In 2020, this logo will most likely change, and the Browns may have hinted this over the past week with the release of their draft cap which features the 1959-1969 version of the Brownie Elf. I’ll update this post as soon as the Browns unveil their new uniforms but you can read what I wrote here.
The Browns first debuted an alternate logo in 1960 which consisted of the Brownie Elf running the football. When Modell phased out the elf logo, this alternate logo went with it and the team lacked an alternate logo of any kind until 2003, when the bulldog logo debuted along with the brown ‘B’ within a white football that bore brown-orange-brown horizontal striping. Both logos lasted until the 2014 season.
The Browns introduced a new alternate logo in 2015, which featured a snarling bulldog whose mouth was (whether coincidentally or purposefully) curled into what resembled the familiar Nike swoosh (the NFL’s official uniform manufacturer is Nike). An orange and brown version of this logo also debuted and it’s unclear if this logo will remain after the uniform swap scheduled to take place in April 2020.
Anniversary and Memorial Logos
When the Browns returned in 1999, they unveiled an Inaugural Season chest patch, which you can view here.
They also had a memorial sleeve patch to honor the late Al Lerner, who won the bidding war to buy the new Browns. This remained part of the team’s jersey until 2012 when Jimmy Haslam bought the team from Lerner’s son, Randy.
The Browns also wore an ‘AL’ chest patch as well.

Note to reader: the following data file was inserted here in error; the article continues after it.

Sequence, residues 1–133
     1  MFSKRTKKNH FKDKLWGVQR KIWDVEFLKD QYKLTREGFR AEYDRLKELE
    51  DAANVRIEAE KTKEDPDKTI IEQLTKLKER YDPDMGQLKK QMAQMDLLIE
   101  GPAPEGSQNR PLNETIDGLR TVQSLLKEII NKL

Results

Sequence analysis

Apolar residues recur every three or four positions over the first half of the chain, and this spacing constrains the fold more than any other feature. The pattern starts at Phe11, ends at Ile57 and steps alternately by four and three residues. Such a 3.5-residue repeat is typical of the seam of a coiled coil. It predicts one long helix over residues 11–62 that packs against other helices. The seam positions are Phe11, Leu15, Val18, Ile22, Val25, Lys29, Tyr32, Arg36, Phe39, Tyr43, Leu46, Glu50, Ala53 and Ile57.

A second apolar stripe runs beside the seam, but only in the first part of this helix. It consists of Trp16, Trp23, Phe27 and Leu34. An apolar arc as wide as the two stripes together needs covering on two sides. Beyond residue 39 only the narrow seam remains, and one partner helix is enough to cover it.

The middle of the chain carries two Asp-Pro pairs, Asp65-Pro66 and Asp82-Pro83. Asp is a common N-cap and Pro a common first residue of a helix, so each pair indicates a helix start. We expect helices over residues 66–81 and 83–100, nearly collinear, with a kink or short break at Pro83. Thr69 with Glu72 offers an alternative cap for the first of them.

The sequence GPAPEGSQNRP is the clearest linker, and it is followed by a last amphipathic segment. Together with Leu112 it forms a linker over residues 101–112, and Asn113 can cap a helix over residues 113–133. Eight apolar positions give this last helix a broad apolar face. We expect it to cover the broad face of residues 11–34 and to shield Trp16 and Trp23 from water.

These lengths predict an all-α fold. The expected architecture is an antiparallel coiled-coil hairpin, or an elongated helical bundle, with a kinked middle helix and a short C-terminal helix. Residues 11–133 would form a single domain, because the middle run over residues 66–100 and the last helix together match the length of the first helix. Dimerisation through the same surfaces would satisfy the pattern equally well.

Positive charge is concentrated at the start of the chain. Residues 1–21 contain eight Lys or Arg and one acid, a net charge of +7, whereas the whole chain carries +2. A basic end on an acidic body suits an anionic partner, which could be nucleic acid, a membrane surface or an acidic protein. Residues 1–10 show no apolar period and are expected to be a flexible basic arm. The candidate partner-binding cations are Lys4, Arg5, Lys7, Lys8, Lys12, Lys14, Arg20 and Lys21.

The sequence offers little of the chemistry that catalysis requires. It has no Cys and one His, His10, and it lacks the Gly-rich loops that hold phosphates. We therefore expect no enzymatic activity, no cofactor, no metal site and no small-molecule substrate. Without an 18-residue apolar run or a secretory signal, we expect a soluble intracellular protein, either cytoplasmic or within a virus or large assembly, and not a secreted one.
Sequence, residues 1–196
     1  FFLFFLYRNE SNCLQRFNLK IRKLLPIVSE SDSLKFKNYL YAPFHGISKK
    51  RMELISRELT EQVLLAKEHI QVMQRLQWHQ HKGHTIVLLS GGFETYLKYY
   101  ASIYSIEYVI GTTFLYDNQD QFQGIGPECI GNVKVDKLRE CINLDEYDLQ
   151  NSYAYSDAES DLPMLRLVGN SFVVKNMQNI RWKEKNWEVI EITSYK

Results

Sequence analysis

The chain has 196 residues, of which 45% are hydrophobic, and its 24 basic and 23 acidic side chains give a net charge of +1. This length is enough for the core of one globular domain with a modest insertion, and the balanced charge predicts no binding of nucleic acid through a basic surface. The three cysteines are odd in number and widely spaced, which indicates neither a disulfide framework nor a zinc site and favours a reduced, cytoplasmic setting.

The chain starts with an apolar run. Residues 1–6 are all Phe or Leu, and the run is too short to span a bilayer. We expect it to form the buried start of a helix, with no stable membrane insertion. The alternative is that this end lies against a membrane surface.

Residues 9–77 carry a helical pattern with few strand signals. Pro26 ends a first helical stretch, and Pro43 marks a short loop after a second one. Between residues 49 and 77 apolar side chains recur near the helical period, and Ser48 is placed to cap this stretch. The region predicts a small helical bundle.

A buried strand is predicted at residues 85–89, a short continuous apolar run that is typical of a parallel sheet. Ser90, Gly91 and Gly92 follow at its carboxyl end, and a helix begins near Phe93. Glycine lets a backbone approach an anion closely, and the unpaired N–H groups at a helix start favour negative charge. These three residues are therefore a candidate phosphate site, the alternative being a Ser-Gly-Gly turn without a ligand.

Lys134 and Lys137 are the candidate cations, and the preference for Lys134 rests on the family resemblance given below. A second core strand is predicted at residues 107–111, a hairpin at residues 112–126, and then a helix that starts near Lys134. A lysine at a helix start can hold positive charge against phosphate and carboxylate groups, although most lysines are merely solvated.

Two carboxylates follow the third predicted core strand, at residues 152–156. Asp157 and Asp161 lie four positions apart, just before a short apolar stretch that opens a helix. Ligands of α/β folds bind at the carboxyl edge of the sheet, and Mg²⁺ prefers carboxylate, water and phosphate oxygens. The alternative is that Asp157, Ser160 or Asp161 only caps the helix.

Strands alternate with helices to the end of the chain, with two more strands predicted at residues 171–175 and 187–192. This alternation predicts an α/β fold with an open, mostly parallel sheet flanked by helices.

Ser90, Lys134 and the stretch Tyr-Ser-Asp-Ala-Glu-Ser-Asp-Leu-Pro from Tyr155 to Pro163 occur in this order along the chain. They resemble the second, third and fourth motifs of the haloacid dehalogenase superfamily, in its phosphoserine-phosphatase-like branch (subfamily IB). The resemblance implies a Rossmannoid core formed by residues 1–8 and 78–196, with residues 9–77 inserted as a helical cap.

The Browns have also had a memorial patch for Bill Willis, who died in 2007. Willis is significant to NFL history as he and three other players (including teammate Marion Motley) helped break the color barrier in professional football when he signed with the new Browns team in 1946.
Listen, Jimmy Haslam, the Elf has seen eight league championships and saw fifteen AAFC/NFL Championship appearances.
List of championship appearances since then – ZERO.
Zero Super Bowl appearances. An 0-3 record in the AFC Championship Game and a boatload of more misfortunes than Charlie Brown – who the team is NOT named after.
I’m the superstitious type so I’m on my knees praying that the Haslams do what’s right and return Brownie the Elf to primary status.
Related Article: Cleveland Browns Uniform History
It’s a shame they ever got rid of him in the first place but then again, former owner Art Modell proved to be cancer to the Browns and the City of Cleveland prior to winning his Super Bowl in Baltimore four years after hijacking the Browns.
Time for redemption, Jimmy.
This should be an easy decision – not a single Browns fan on the planet should have to mail you an instruction manual complete with pop-up pictures to make this decision.
I show a little more personality here than I do in my other historic posts because I’m a passionate Browns fan – so passionate that my urban fantasy novels depict a protagonist coalition decked out in orange and brown while the antagonists resemble the Steelers and Ravens – just a little fun fact, so please, take my off-color way of writing Browns-related posts with some salt.
It’s why I’ll never broadcast a game on CBS. But anyway, if you found anything inaccurate about this post, I want to know. If there’s something you want to add, let me know in the comments. Give me some feedback and tell me if there’s anything more you want to see from these historic articles.